Living Well / Increasing Adult Fruit and Vegetable Consumption

Living Well / Increasing the Ability to Find Fresh Fruits and Vegetables in the Neighborhood2021-03-26T05:21:03+00:00

Not eating enough fruits and vegetables contributes to poor health and risk of chronic disease1

Currently only 28% of Californians meet the standard of eating fruits and vegetables five times a day.2 Research indicates that many chronic conditions including diabetes, obesity, high blood pressure, and high cholesterol can be treated, controlled and in some cases reversed with proper diet. Over the past 30 years, caloric intake nationwide has increased significantly. On average Americans consume more than 300 more calories per day than they did in 1985.3 Let’s Get Healthy California seeks to increase fruit and vegetable consumption from 28% to 34% by 2022.

Indicator Progress

In 2012 (baseline year), 28.0% of adults met the recommended intake of fruits and vegetables. Current data is pending. We hope to reach a target of 34.0% or higher by 2022.

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More Data

Baseline

28.0%

Current Rate

Pending

Target

34.0%

Indicator Highlights

Ending Hunger in Orange County (OC)

Orange County experiences a unique disparity in which it ranks sixth in highest median income statewide, while also ranking ninth nationwide in counties with the highest number of people facing food insecurity. This program fosters nontraditional partnerships between public health, the food supply/restaurant community, and medical providers to divert unused quality food from areas of excess to areas of need, while identifying and referring food-insecure community members. This program feeds vulnerable residents while promoting environmental stewardship, and has made lasting change by embracing current technology and building sustainable partnerships. Read more »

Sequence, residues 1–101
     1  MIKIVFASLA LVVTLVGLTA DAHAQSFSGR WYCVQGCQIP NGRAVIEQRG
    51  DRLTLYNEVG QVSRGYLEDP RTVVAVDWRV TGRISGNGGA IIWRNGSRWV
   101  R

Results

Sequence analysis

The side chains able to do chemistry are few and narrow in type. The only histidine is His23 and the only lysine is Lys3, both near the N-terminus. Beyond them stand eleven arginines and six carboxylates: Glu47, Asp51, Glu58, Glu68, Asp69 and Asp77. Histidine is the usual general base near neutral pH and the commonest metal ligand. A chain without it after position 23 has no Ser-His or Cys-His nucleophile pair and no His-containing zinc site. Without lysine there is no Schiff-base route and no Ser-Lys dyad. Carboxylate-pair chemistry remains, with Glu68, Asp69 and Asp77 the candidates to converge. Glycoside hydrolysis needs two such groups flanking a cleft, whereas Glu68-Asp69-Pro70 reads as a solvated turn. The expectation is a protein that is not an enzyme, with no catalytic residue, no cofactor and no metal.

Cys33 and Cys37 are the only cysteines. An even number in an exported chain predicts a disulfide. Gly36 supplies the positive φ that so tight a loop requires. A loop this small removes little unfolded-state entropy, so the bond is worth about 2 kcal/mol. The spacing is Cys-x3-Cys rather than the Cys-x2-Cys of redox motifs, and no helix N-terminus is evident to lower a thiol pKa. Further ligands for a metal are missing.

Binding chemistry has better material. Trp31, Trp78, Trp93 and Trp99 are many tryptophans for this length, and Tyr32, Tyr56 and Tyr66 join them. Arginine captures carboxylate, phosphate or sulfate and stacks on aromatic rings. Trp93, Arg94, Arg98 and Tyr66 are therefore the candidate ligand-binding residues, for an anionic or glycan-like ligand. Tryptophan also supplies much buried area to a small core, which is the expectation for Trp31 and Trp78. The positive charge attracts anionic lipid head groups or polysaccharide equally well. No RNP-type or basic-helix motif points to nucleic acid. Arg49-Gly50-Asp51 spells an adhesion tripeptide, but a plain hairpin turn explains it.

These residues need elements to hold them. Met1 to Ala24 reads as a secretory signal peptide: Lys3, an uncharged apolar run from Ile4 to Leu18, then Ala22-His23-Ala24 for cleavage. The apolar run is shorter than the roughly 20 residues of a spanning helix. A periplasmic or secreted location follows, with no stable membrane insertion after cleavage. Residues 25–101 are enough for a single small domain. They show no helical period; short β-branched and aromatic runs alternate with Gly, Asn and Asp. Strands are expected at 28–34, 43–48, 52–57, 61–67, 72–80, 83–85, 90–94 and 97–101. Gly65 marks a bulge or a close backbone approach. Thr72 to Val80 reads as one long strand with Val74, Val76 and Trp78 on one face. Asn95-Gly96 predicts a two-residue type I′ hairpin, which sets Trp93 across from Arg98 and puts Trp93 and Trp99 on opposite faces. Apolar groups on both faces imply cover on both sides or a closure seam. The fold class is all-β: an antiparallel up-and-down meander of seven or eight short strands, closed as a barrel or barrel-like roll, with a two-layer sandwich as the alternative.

Disparities & Trends

The data source for the indicator on adult daily intake of fruits and vegetables is no longer available. Related data on access to fresh fruits and vegetables is included in the Healthy Communities goal area.

Many Californians live in neighborhoods with an abundance of cheap, low-nutrient, high-calorie food, but with limited access to affordable fresh fruits and vegetables. This is magnified for low-income families who must often travel miles from their neighborhood to purchase healthy foods at reasonable prices.

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The data source for this indicator is no longer available. Related data on access to fresh fruits and vegetables is included in the Healthy Communities goal area.

1. Office of Health Equity. (August 2015). Portrait of Promise: California Statewide Plan to Promote Health Equity and Mental Health Equity. California Department of Public Health. http://www.cdph.ca.gov/programs/Documents/CDPHOHEDisparityReportAug2015.pdf

2. Let’ Get Healthy California Task Force. (December 2012). Lets Get Healthy California Task Force Final Report. Let’s Get Healthy California Task Force., http://www.chhs.ca.gov/pages/LGHCTF.aspx

3. Peck, C., Logan, J., Malzlish, N., & Van Court, J. (n.d.). The Burden of Chronic Disease. Retrieved November 16, 2015, from www.cdph.ca.gov: http://www.cdph.ca.gov/programs/Documents/BurdenReportOnline%2004-04-13.pdf

4. California Department of Public Health, California Obesity Prevention Program. (2010). 2010 California Obesity Prevention Plan: A Vision for Tomorrow, Strategic Actions for. Retrieved November 15, 2015, from www.cdph.ca.gov: http://www.cdph.ca.gov/programs/COPP/Documents/COPP-ObesityPreventionPlan-2010.pdf.pdf

Stories & Solutions

Ending Hunger in Orange County (OC)

Orange County experiences a unique disparity in which it ranks sixth in highest median income statewide, while also ranking ninth nationwide in counties with the highest number of people facing food insecurity.

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